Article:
Astigmatism is a type of refractive error wherein the refraction varies in different meridian. As a result, the light rays entering the eye cannot converge to a point focus but form focal lines.
As described by Bannon and Walsh (1945), astigmatism was first mentioned in 1727 by Sir Issac Newton. But Thomas Young in 1800 published first description of astigmatism.
Refractive power of the eye is determined predominantly by variables like power of the cornea, power of the lens, and axial length of the eyeball. In emmetropia, these three components of refractive power combine to produce normal refraction to the eye.
Emmetropia is the condition where the eye has no refractive error and requires no correction for distance vision. In an emmetropic eye, rays of light parallel to the optical axis focuses on the retina. The far point in emmetropia (point conjugate to retina in non- accommodating state) is optical infinity, which is 6 meters. Ametropia (refractive error) results when cornea and lens inadequately focus the light rays. The measuring unit for refractive error is dioptre (D), which is defined as the reciprocal of the focal length in meters.
The term ametropia (refractive error) describes any condition where light is poorly focused on light sensitive layer of eye, resulting in blurred vision. This is a common eye problem and includes conditions such as myopia (near- sightedness), hypermetropia (far- sightedness), astigmatism, and presbyopia (age- related diminution of vision). A person who is able to see without the aid of spectacles or contact lenses is emmetropic.
Prevalence and distribution of ametropia vary greatly with age. Majority of children in early infancy are found to be somewhat hypermetropic. During the school years, children begin to become myopic in increasing numbers. Astigmatism change relatively little with age. The majority of children and young adults have a small amount of with-the-rule astigmatism, but in later adult years, there is a tendency for with-the-rule astigmatism to decrease in amount and for against-the-rule astigmatism to increase.
Astigmatism is divided as
· Regular astigmatism: It is correctable with cylindrical or sphero-cylindrical lenses. It may be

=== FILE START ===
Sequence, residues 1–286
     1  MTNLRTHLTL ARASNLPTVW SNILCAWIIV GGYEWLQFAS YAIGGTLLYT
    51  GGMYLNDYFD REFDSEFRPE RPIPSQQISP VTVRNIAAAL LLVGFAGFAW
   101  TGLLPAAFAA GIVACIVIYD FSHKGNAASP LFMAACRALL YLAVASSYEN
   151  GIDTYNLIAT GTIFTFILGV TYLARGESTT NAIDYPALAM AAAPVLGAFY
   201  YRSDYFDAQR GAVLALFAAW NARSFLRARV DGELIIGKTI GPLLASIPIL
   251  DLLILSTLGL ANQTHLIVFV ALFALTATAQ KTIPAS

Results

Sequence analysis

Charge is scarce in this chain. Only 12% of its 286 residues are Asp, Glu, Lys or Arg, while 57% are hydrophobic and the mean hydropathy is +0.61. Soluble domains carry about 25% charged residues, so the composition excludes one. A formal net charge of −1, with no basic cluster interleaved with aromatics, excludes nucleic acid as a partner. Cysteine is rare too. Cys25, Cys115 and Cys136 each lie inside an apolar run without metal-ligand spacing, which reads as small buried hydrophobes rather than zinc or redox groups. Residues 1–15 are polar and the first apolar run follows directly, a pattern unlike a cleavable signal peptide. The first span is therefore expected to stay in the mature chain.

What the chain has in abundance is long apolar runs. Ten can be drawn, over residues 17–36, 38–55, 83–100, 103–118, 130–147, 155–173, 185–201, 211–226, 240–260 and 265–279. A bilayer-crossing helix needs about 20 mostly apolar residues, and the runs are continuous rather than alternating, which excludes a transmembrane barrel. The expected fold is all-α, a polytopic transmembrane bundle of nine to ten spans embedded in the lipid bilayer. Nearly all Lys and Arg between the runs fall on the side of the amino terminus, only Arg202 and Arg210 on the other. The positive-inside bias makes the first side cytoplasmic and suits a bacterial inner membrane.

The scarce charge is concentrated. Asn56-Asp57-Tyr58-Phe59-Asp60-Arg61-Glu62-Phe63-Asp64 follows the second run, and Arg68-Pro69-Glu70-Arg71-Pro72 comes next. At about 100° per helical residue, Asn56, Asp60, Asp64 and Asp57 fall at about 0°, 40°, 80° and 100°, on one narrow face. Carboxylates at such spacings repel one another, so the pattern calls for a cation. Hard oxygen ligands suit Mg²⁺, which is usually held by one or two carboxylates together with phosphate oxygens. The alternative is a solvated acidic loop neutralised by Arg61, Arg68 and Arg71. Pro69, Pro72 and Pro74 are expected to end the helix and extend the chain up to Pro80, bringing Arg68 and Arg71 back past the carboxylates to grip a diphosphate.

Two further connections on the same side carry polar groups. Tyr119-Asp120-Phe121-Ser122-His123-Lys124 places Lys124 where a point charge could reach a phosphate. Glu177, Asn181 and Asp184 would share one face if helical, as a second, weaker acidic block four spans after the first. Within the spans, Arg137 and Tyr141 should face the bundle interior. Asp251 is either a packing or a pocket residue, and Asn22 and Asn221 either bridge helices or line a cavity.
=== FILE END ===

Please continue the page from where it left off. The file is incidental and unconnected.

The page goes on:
- With-the-rule astigmatism: When the steepest corneal meridian is close to 90?.
- Against-the-rule astigmatism: When the steepest meridian is close to 180?.
- Oblique astigmatism: Principal meridians do not lie close to 90? or 180?.
- Bi- oblique astigmatism: The two principal meridians are not at right angle to each other.
· Irregular astigmatism: It is not correctable with cylindrical or sphero-cylindrical lenses. Patients with irregular astigmatism typically suffer from reduced visual acuity and poor quality of vision. Irregular astigmatism may result from corneal diseases, such askeratoconus, trauma or scarring following herpes infection. It may also be produced due to cataract surgery, penetrating keratoplasty or elective kerato-refractive surgery.
Depending on spherical ametropia of a particular eye, astigmatism may be classified as simple or compound based on whether one or both meridians, respectively, are focused outside the retina. If one meridian focuses in front of the retina and the other meridian focuses behind it, the astigmatism is called mixed astigmatism.
In astigmatism, the eye has different refractive powers along different meridians. Light entering in vertical direction gets focused differently than light in the horizontal direction. The meridian of steeper curvature has greater refractive power. The astigmatic eye produces a blurred image because two focal lines of images are being produced. This requires different corrections along each of these meridians to produce a single focused image on the retina.
Agarwal Sunita, Agarwal Athiya, Apple David J, Buratto Lucio, Ali? Jorge L, Pandey Suresh K, Agarwal Amar. Textbook of Ophthalmology Vol 1. Jaypee Brothers Medical Publishers (P) Ltd 2002. P 174- 177.
Selser Richard E Jr. Proceedings of the 42nd Annual Symposium on Medical Cornea- Corneal and Refractive Surgery, New Orleans, LA, USA, February 26- 28, 1993 organised by New Orleans Academy of Ophthalmology. Kugler Publications 1994. P 87- 99.
Bannon RE, Walsh R. On Astigmatism, Parts 1 and 2. Amer. J. Optom., 1945; Vol. 22: 101-111, 162- 179.